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|United States Patent
,   et al.
August 18, 1992
Production of liquid nitrogen using liquefied natural gas as sole
The present invention relates to a process for liquefaction of a nitrogen
stream produced by a cryogenic air separation unit. Cold liquid natural
gas (LNG) is employed as refrigerant.
A critical feature step of the invention is that the temperature of the
vaporizing LNG should be maintained at a temperature lower than the
critical temperature of the nitrogen stream being liquefied.
The process involves compressing the nitrogen stream to at least 350 psi in
a multistage compressor wherein interstage cooling is provided by heat
exchange against vaporizing LNG. Further cooling and flashing of a portion
of the liquid nitrogen stream serves to produce a quantity of liquid
nitrogen that is free of hydrocarbon contamination and suitable for
recycle to the air separation unit.
Agrawal; Rakesh (Allentown, PA);
Ayres; Calvin L. (New Tripoli, PA)
Air Products and Chemicals, Inc. (Allentown, PA)
||The portion of the term of this patent subsequent to August 11, 2009
has been disclaimed.|
April 26, 1991|
|Current U.S. Class:
||F25J 001/00; F25J 001/02|
|Field of Search:
U.S. Patent Documents
|3886758||Jun., 1975||Perrotin et al.||62/30.
|4192662||Mar., 1980||Ogata et al.||62/13.
|4437312||Mar., 1984||Newton et al.||62/50.
|4582519||Apr., 1986||Someya et al.||62/9.
|4638639||Jan., 1987||Marshall et al.||62/9.
|4894076||Jan., 1990||Dobracki et al.||62/9.
|Foreign Patent Documents|
Yamanouchi et al., Chem. Engr. Progress, Jul. 1979.
Primary Examiner: Bennet; Henry A.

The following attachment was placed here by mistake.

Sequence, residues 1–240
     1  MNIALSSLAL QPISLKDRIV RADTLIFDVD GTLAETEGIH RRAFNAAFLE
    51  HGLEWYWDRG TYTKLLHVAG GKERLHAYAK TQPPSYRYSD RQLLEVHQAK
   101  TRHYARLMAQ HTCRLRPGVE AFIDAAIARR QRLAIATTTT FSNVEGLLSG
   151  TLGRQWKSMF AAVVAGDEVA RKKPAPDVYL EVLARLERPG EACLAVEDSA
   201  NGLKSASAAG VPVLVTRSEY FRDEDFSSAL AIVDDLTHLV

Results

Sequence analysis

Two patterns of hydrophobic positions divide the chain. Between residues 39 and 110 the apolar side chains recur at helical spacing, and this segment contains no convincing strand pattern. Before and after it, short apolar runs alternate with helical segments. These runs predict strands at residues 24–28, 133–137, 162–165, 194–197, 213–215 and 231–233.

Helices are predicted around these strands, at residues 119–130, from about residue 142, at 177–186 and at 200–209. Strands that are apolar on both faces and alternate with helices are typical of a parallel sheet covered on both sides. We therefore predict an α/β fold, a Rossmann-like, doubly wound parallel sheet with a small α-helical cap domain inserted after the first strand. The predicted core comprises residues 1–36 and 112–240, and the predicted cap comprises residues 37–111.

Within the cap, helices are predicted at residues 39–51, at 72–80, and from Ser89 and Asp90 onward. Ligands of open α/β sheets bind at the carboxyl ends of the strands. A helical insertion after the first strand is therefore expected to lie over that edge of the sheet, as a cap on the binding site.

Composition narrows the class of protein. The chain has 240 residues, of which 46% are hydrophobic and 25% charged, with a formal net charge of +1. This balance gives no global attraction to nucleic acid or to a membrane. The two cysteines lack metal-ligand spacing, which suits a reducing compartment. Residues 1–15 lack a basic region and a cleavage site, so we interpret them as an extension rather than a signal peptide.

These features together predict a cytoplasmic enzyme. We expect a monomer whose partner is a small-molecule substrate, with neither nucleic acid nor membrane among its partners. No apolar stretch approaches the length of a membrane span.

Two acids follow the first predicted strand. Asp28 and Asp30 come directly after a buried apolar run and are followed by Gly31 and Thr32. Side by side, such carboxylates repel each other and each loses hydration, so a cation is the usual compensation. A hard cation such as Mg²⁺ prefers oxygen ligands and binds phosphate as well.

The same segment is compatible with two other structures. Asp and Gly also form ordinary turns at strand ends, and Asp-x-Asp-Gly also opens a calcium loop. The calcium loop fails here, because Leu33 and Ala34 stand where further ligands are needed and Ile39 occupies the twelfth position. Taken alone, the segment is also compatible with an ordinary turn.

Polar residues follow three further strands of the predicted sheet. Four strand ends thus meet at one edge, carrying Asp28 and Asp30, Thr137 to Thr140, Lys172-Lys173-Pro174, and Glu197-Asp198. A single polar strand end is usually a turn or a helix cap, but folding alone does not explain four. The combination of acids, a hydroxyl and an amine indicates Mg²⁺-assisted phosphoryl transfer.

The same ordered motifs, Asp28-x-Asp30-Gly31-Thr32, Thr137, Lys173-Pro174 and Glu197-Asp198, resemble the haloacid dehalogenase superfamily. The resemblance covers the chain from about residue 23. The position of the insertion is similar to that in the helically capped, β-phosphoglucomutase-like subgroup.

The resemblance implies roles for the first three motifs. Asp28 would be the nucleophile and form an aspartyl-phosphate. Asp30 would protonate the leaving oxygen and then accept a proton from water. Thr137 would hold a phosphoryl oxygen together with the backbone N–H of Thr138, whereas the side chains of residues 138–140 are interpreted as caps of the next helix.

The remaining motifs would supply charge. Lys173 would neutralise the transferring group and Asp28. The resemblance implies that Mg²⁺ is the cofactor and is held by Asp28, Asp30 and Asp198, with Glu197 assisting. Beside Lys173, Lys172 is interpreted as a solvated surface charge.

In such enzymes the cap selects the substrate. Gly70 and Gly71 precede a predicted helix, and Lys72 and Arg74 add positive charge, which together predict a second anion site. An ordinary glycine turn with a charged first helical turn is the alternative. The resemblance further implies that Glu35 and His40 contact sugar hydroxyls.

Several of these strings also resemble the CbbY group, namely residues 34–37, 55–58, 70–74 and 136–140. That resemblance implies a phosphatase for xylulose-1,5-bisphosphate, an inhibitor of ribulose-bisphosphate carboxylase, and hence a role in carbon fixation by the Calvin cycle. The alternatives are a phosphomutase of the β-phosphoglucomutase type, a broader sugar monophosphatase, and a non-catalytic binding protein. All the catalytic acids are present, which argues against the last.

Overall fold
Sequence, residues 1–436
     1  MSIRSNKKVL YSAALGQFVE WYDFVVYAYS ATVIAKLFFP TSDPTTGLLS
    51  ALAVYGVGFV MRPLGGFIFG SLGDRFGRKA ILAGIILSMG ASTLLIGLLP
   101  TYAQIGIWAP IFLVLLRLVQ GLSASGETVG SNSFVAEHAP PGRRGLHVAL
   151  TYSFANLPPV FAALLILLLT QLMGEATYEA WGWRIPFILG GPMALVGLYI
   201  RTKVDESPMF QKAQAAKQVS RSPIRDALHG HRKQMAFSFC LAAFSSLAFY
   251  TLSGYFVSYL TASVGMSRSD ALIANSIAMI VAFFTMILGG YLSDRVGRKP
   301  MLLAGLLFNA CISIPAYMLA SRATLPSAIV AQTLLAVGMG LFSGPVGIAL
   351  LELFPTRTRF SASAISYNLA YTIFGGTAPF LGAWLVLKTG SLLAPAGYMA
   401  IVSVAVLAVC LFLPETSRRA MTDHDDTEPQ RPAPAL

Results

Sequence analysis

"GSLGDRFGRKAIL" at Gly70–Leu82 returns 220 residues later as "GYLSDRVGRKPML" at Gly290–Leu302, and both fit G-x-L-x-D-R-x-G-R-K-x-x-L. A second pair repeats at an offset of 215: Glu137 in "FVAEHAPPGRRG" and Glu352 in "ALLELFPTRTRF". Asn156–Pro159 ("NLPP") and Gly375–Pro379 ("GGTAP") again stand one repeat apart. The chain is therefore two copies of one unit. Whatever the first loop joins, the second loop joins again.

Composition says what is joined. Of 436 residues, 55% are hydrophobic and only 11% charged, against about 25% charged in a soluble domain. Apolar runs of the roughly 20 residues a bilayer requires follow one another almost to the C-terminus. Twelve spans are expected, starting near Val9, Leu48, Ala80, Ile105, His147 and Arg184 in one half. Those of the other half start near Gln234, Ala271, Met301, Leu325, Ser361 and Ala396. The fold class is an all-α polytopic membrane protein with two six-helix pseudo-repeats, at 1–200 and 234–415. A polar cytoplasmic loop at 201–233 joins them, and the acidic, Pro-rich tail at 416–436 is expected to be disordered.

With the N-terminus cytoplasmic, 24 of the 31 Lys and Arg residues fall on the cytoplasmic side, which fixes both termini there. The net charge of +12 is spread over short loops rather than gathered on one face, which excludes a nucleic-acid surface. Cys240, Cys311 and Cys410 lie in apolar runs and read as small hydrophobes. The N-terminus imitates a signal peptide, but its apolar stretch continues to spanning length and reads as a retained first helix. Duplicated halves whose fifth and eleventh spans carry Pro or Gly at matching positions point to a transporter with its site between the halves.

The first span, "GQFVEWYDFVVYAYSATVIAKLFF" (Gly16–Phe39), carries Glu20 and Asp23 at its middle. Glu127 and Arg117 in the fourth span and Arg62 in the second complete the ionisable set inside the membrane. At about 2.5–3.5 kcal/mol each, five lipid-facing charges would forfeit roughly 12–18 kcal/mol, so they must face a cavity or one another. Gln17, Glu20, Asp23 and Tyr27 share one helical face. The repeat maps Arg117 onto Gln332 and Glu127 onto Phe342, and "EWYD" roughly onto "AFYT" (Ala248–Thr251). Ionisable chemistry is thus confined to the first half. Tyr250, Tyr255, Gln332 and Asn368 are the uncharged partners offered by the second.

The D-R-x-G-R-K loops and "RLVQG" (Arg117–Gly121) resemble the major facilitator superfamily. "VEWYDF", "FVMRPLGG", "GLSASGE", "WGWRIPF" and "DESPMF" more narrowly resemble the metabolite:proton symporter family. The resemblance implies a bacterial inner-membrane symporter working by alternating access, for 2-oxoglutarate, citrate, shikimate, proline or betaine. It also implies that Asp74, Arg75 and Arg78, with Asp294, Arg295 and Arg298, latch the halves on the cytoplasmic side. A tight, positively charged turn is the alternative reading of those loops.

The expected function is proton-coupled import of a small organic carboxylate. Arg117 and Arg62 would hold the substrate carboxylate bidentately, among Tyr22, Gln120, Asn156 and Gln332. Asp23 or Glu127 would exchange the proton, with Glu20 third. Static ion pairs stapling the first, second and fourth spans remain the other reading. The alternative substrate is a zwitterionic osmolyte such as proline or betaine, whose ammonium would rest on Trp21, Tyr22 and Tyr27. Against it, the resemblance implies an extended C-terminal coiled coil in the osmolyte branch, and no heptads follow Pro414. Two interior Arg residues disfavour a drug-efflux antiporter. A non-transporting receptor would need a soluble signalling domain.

Assistant Examiner: Kilner; Christopher B.
Attorney, Agent or Firm: Jones, II; Willard, Marsh; William F., Simmons; James C.
1. A process for the liquefaction of a nitrogen stream produced by a
cryogenic air separation unit having at least one distillation column
(a) compressing the nitrogen stream to a pressure of at least 350 psi in a
multi-stage compressor wherein interstage cooling is provided by heat
exchange against vaporizing liquefied natural gas;
(b) condensing the compressed nitrogen stream by heat exchange against
vaporizing liquefied natural gas;
(c) reducing the pressure of the condensed, compressed nitrogen stream
thereby producing a two phase nitrogen stream;
(d) phase separating the two phase nitrogen stream into a liquid nitrogen
stream and a nitrogen vapor stream; and
(e) warming the nitrogen vapor stream to recover refrigeration.
2. The process of claim 1 which further comprises subcooling the condensed,
compressed nitrogen stream of step (b) prior to reducing the pressure in
step (c) by heat exchange against the warming nitrogen vapor stream of
3. The process of claim 1 which further comprises recycling the warmed
nitrogen vapor stream of step (e) to an intermediate stage of the